Text Box: Nicholas Rice
Extreme High Altitude Athlete
Text Box: Xpedition 8000

2009 Solo Manaslu Expedition

Dispatch Fourteen: April 6th, 2009

Day Fourteen: Puja Ceremony in Manaslu Base Camp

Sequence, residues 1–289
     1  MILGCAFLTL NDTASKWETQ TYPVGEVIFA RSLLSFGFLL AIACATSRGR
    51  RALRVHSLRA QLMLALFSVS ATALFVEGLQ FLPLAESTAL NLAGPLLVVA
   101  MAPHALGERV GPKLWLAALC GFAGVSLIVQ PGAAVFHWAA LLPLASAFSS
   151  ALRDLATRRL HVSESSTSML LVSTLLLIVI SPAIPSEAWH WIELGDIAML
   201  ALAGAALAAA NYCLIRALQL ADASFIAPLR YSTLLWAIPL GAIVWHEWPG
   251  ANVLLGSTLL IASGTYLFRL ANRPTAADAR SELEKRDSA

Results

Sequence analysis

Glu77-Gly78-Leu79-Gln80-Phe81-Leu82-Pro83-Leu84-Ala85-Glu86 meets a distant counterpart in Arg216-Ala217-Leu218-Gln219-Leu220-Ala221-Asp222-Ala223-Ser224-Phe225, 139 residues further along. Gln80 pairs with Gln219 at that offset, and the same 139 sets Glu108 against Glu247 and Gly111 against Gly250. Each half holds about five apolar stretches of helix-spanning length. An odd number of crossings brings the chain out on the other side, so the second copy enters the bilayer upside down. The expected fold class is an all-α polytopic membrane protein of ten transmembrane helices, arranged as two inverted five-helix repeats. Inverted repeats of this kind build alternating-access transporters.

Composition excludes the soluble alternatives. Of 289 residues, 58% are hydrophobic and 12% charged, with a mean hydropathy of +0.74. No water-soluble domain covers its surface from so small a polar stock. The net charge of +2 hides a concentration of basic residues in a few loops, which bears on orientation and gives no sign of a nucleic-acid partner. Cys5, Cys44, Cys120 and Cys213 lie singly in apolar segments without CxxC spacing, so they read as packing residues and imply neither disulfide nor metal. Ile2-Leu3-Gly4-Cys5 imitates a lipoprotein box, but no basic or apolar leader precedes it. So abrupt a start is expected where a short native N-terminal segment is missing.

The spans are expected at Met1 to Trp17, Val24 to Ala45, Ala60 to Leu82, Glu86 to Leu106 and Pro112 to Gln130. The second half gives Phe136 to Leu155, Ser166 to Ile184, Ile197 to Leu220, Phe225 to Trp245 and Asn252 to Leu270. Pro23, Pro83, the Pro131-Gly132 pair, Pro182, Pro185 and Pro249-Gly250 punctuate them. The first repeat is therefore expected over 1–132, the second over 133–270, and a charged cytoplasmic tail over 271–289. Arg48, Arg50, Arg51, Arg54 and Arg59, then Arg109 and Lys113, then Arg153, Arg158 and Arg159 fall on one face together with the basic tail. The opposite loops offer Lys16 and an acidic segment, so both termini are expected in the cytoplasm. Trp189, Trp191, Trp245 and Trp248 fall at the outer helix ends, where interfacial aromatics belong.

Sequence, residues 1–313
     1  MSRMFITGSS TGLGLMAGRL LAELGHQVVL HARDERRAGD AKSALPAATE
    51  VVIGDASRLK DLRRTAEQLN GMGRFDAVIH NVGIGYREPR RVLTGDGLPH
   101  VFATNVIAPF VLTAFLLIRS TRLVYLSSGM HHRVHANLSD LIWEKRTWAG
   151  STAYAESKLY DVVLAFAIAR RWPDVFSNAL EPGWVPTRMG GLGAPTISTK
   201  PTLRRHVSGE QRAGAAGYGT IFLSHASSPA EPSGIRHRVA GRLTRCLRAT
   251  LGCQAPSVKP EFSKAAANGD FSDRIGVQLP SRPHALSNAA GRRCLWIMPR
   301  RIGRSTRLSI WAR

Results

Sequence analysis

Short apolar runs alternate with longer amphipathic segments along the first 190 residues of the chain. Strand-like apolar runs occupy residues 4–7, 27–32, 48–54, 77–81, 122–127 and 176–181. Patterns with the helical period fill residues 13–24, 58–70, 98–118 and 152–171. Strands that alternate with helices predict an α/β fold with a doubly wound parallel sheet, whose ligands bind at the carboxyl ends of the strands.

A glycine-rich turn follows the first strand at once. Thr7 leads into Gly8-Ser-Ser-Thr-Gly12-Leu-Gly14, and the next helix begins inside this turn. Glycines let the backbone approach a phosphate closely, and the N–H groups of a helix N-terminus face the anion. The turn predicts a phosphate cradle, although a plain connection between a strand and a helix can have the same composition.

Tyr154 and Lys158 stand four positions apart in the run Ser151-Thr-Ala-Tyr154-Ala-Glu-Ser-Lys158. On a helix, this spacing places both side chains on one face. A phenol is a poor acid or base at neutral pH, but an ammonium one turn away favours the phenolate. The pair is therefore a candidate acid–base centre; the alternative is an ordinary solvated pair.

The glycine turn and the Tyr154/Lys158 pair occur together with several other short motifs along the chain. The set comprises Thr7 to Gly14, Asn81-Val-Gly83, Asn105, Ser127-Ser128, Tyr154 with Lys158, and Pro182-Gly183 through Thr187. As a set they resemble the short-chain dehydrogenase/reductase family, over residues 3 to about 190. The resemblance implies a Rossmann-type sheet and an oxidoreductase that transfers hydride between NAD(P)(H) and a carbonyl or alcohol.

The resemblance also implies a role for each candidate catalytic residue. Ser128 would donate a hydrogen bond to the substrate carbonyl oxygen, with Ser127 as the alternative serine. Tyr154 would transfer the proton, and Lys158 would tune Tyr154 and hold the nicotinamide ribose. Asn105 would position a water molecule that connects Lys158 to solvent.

This morning, I was awakened around 5am by the drumming of the Buddhist lama in preparation for the puja ceremony. The morning was clear and all were awake. We ate breakfast then placed pieces of our climbing equipment at the chorten to be blessed by the ceremony. When the puja was finished, we returned to our tents, did laundry, etc. I decided to head down to the Korean Base camp to introduce myself and to ask about the route, as they had just returned from Camp II yesterday. They told me that the weather was good at camp II even when it as bogged in lower down, which was good news considering that it has been close to white out conditions at base camp in the afternoon every day so far. They plan to establish Camp III in the near term, weather conditions permitting. After Manaslu, they intend to attempt Dhaulagiri and Annapurna. After chatting for awhile and taking photos, I returned to base camp for lunch. The afternoon crept by slowly. I became so bored that I decided to refresh the staff’s crevasse rescue skills. We constructed different pulley systems using both minimal equipment (prussiks, simple pulleys) and more elaborate setups (self-jamming pulleys, mechanical ascenders, etc.). Finally a snow storm drove us into our tents. Enormous avalanches thundered in the distance as we constantly cleared accumulated snow from around our tents. The snow storm dumped a few feet of snow, making my carry to Camp I tomorrow impossible. One thing that I have found in my many expeditions is that altitude, bad weather, and egos don’t mix. Without mentioning any names, I was disappointed to see that a commitment made to me in Kathmandu to let me use the generator (which of course I would share costs) was now being ignored and used to exert power over me. When I suggested constructing a place where the generator would be protected from the bad weather but still be allowed to run, I was met by a firm “no” followed by the statement that the generator might not be started for many days from now. Somewhat infuriated by the statement, I returned to my tent to figure out an alternative, refusing to allow someone else to sabotage my website’s continuity and potential future sponsors. Luckily, the other team sharing base camp with us was very helpful, allowing me to use their solar panel/battery/inverter setup to charge my computer. This came as quite a relief as the only other option I had was to call Parajuli in Kathmandu to have him send a generator and fuel. This would have cost around $600.00 and would take 9 days minimum to arrive. I went to bed relieved and thankful to Mario Panzeri for his generosity.

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